Latest news from Loughborough University
6 Oct 2014
Renewables could satisfy Britain’s electricity needs by 2050, says Loughborough expert
Britain could generate all its electricity from renewable sources by 2050 if politicians grasp the nettle, according to a Loughborough University expert on wind energy.
Simon Watson, Professor of Wind Energy, says it is possible for wind, solar and water power to take over from nuclear, coal and gas within 36 years.
“There is no reason at all why we can’t be generating 100 per cent of our electricity needs from renewables by 2050,” said Professor Watson.
“But it’s down to political will and the social acceptability of it. Also, the fossil fuel lobby is very strong.
“Thirty six years is not a long time to complete the changeover, but think back to where we were in 1990 and how much renewable generation we had then.
“There was some small scale hydro, and renewables were at about two per cent of all electricity generated. Now it’s 15 per cent and it’s accelerating.”
Professor Watson was speaking ahead of his Inaugural Lecture* at the university on Wednesday, October 8 when he will look at some of the main challenges facing wind energy.
Wind power is at the forefront of the drive towards renewable energy at a time when there is increasing demand for carbon-free energy generation to combat climate change caused by CO2 emissions.
Worldwide, there was 320 Gigawatts of wind generating capacity at the end of 2013. This would produce enough electrical energy to power all the households in the EU.
Wind power currently provides about eight of the 15 per cent of our electricity generated by renewables, which also includes solar, biomass and hydro. The rest comes from gas (25-30 per cent), coal (35-40 per cent) and nuclear (15-20 per cent) depending on the relative price of fuel.
But Professor Watson says that figure could easily be more than doubled.
“It’s clear that we need a portfolio that is increasingly lower in carbon content, which means using renewables,” said Professor Watson, who heads up the Wind and Water Power Research Team in CREST (Centre for Renewable Energy Systems Technology), which is part of the School of Electronic, Electrical and Systems Engineering.
“No one power source will meet our requirements. That’s why we need a balanced portfolio.
“Wind power is one of the most mature of the renewable technologies and I see it as being an important part of the portfolio.
“We are a windy country so potentially wind could provide 20 per cent of our electricity within 20 years.”
Critics point to the cost of wind energy, but Professor Watson says on-shore wind farms are cost-efficient and off-shore farms will be once the technology has been developed fully to cope with the hostile marine environment.
“In 20 years’ time they will be as cost-efficient as conventional generators,” he said.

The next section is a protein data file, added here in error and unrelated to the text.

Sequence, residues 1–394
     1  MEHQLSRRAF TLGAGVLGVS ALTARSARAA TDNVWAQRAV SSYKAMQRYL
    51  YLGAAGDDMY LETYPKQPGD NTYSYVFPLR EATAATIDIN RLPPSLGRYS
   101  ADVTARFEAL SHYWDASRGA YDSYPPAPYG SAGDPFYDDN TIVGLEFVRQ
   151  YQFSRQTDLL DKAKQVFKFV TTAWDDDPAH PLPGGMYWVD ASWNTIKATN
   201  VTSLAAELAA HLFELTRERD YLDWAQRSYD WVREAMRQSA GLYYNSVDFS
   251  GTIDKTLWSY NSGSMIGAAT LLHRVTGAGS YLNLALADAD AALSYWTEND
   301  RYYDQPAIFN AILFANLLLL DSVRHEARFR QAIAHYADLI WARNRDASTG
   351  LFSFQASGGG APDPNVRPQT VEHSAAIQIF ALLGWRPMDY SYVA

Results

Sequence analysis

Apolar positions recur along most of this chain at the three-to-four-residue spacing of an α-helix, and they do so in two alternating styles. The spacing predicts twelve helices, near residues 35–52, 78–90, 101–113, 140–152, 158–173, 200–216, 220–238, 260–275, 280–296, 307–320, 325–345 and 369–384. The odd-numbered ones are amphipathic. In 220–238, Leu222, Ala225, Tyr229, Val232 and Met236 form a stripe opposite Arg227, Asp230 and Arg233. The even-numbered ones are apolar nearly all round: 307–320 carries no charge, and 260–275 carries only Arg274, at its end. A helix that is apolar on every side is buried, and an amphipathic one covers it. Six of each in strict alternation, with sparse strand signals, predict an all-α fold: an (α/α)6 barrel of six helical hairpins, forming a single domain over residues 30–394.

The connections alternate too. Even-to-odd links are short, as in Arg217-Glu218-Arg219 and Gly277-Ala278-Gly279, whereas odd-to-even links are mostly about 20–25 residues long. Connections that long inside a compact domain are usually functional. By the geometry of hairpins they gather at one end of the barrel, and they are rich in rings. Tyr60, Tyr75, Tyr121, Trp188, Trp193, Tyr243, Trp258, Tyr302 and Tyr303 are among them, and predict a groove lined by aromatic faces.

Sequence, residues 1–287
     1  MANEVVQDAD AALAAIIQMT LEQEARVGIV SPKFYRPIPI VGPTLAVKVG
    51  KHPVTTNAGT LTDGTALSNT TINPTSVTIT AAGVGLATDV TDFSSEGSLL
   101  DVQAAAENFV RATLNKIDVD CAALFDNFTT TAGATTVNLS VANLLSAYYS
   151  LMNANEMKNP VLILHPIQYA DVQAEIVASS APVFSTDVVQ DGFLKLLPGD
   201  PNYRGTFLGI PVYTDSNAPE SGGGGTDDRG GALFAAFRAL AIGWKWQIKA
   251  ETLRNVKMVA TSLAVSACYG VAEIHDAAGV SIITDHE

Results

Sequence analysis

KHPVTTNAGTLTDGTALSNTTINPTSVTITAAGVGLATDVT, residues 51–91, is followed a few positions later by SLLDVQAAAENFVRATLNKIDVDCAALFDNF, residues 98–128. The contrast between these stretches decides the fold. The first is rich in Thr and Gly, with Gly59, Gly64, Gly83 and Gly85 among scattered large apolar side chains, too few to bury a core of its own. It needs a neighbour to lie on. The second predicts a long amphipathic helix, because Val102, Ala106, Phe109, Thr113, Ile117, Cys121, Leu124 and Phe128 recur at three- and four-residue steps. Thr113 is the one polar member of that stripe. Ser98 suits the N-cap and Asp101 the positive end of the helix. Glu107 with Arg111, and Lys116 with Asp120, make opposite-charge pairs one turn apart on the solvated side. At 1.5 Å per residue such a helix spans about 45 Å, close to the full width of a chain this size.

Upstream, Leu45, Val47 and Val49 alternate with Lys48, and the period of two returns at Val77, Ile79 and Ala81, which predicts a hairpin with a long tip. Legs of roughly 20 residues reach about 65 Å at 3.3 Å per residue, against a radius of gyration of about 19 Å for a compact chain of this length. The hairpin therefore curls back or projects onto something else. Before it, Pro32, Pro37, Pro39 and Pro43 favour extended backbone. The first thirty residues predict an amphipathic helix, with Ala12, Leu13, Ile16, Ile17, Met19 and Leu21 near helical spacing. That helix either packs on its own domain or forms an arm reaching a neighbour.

Professor Watson was keen to explode some of the myths and correct the misinformation surrounding wind power. For example:
1. We would need as much back-up capacity as a turbine produces in case it’s not windy. False.
“There are turbines all over the country and the wind does not stop blowing everywhere at the same time. In addition, all generators suffer outages, but we don’t have dedicated back-up for every power station.”
2. Turbines need more energy to manufacture them than they produce. False
“A large wind farm has an energy pay-back time of three to six months, smaller ones slightly longer.”
3. Turbines scare horses. False.
4. They are noisy.
“Not if you live more than half a mile away and the siting is done properly. More research, however, is needed on the rhythmic noise made by the blades.”
5. They kill birds and bats.
“The number of birds killed is miniscule compared to the number killed by cars. Good planning means turbines are not built where bats fly.”
6. They never seem to be working.
“If some are not working when others are this may be because it’s not windy enough in that area as the wind can vary substantially over short distances, or they are under repair which happens rarely. Their availability, however, is good - 97 per cent for onshore, nearly 90 per cent offshore.”
7. They are unsightly
“Conventional power stations are not exactly picturesque! I think we need to take more responsibility for our power. Someone in the south west for example might complain about wind farms but are happy to take power from power stations situated further north.”
*Reap the Wild Wind, Inaugural Lecture by Professor Simon Watson on Wednesday October 8 in the lecture theatre T.003, Wolfson Building.
Notes for editors
Article reference number: PR 14/175
Loughborough is one of the country’s leading universities, with an international reputation for research that matters, excellence in teaching, strong links with industry, and unrivalled achievement in sport and its underpinning academic disciplines.
It has been awarded five stars in the independent QS Stars university rating scheme, putting it among the best universities in the world, and was named Sports University of the Year 2013-14 by The Times and Sunday Times. Loughborough is ranked in the top fifteen of UK universities and has been voted England's Best Student Experience for six years running in the Times Higher Education league. In recognition of its contribution to the sector, Loughborough has been awarded seven Queen's Anniversary Prizes.
In 2015 the University will open an additional academic campus in London’s new innovation quarter. Loughborough University in London, based on the Queen Elizabeth Olympic Park, will offer postgraduate and executive-level education, as well as research and enterprise opportunities.
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